Discussions in Japan of the “three arrows” of Abenomics—the three major components of Prime Minister Shinzo Abe’s economic plan to reflate the economy—are rampant among its citizens as well as economists, journalists and policy-makers worldwide. Even J-Pop groups are recording paeans to the economic policy named after the newly-elected premier. It is clear that “Abenomics” has been a remarkable branding success. But will it equally be an economic triumph?
We think it can be, and initial signs are positive. But such success is not assured. It will require difficult decisions as the country moves into largely uncharted territory. And much will depend on changing expectations within the country.
Abenomics: Changing Minds
Following two decades of deflation, low growth and rising public debt, Japan is looking to make a clean break with its recent past. Prime Minister Abe rolled out, in late-2012 and early 2013, a comprehensive approach to reviving the Japanese economy, summarized by three policy arrows: aggressive monetary easing, flexible fiscal policy, and structural reforms to raise potential growth.
The idea is this: An escape from deflation triggered by monetary easing and fiscal stimulus would lower real interest rates and stimulate investment, consumption and—with, at least temporarily, a weaker yen—exports. Structural reforms would contribute to confidence and ensure that higher growth is sustained. Lower funding costs and higher growth would improve debt dynamics. And a credible medium-term fiscal plan would curtail risks of a government bond rate spike and allow for a measured pace of adjustment. If all goes according to plan, a more dynamic Japan would emerge, which would be an important plus for the global economy as well.
What is being attempted under Abenomics is nothing less than a leap from a low-growth deflationary equilibrium to a new equilibrium characterized by positive inflation and higher sustained growth. This will require a parallel shift toward more risk-taking, requiring changes in expectations by businesses, consumers and financial institutions, both about Japan’s growth prospects as well as the government’s ability to carry through with needed reforms. These changes will not be easy to engineer. To put it in perspective, a Japanese college student today has experienced deflation and low growth through her entire life, with nominal GDP at the same level as 1991.
An End to Incrementalism?
In early April, the first of the three arrows was fired, with the Bank of Japan announcing its new quantitative and qualitative monetary easing (QQME) framework to achieve 2 percent inflation in a stable manner within about two years. The sheer size of the planned asset purchases marks a clear departure from the incremental approach of the past, and forward guidance is aimed squarely at sending the message that QQME will continue for as long as necessary to achieve its goals. We think this new framework has a good chance of success.
But monetary policy cannot do the job alone–all three of Abe’s arrows are required. The government recently put forward a broad growth agenda, but critical details remain to be fleshed out in the coming months. With the Upper House election now complete, all eyes will be on Tokyo to see whether the structural elements of Abenomics will also represent a decisive break from the past, by directing policies at the key underlying constraints to growth. Concrete steps to raise employment, increase labor market flexibility, deregulate agriculture and the services sector, and enhance the role of the financial sector in supporting growth, would be key.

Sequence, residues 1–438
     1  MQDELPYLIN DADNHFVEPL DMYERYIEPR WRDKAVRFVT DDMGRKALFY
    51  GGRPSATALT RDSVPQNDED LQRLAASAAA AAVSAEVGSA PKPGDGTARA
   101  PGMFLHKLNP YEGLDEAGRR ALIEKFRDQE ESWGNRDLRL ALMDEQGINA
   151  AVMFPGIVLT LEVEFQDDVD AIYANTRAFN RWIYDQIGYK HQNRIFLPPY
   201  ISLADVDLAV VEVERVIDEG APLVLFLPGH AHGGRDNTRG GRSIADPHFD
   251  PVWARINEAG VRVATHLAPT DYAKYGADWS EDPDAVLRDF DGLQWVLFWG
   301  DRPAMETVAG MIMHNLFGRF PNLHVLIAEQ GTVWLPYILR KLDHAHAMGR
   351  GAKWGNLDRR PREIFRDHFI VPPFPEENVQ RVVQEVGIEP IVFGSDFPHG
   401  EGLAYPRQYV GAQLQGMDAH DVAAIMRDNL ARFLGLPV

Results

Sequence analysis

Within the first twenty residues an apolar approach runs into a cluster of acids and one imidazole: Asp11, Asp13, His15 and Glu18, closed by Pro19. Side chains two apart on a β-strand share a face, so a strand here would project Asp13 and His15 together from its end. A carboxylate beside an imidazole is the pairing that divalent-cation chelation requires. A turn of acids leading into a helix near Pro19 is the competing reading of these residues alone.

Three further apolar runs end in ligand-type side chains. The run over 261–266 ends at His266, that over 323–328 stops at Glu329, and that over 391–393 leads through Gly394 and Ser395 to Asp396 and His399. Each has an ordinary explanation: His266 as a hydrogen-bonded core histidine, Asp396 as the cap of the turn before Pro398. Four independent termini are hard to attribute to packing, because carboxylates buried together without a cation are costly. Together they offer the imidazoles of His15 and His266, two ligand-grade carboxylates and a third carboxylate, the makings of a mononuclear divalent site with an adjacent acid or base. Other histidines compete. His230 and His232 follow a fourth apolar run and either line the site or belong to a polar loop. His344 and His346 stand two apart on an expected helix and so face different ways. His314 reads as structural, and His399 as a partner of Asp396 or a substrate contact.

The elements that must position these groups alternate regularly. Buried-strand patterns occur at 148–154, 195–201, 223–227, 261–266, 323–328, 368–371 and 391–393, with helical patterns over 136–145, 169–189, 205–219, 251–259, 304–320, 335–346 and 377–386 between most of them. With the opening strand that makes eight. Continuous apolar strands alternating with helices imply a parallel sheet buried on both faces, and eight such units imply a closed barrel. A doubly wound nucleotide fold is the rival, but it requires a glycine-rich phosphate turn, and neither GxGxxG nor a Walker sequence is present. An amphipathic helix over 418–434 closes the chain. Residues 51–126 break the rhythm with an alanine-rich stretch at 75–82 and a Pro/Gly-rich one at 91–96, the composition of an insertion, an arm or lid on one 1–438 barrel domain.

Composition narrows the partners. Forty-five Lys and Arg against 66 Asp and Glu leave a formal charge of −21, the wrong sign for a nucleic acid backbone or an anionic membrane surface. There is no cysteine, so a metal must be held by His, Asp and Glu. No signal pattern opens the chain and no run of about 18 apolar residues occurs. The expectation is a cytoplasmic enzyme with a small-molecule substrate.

A clear and convincing plan to reverse the long-term trend of rising government debt is also needed urgently. Net public debt has increased from 13 percent in 1990 to 134 percent today, the highest among advanced economies. This rise in debt has so far been financed without problem. But the experience in the European periphery makes it clear that investors’ views can change quickly, and that reducing the debt burden will require both medium-term adjustment and higher growth. Moving forward, as planned, with the consumption tax hike next April would be a major step in the right direction.
Is it Working?
We see encouraging signs that the desired changes to the economy are beginning to take place. Growth in the first quarter rose by an impressive 4¼ percent (seasonally adjusted annual rate). Equity markets are up by some 40 percent for the year. Exports appear to be recovering. Credit growth has turned positive. Consumer and business confidence have picked up. And Inflation expectations are beginning to rise. Meanwhile, media reports abound with anecdotal evidence of recovery—it seems, for instance, that purchases of expensive tuna are now outstripping the more humble mackerel in sushi restaurants throughout Tokyo.
But the transformation is far from complete. In particular, higher investment and wages—two keys for ultimate success—are not yet observed. This should not be surprising, as businesses will need first to feel secure that the economy is moving to higher growth, while financial institutions are still sorting out the implications of recent changes for their business models. This process is also behind much of the volatility we have witnessed in Japanese financial markets in recent months.
Much can still go wrong. The global economy has been volatile and a downturn could create headwinds just as Japan’s economy is taking off. But the bigger risk is domestic, that through complacency or political obstacles we get a partial version of Abenomics, missing one or more of its key elements and failing to convince that “this time is different.”
But, for the first time in a while, there are good reasons for optimism in Japan.
This piece has been cross-posted from IMF Direct with permission.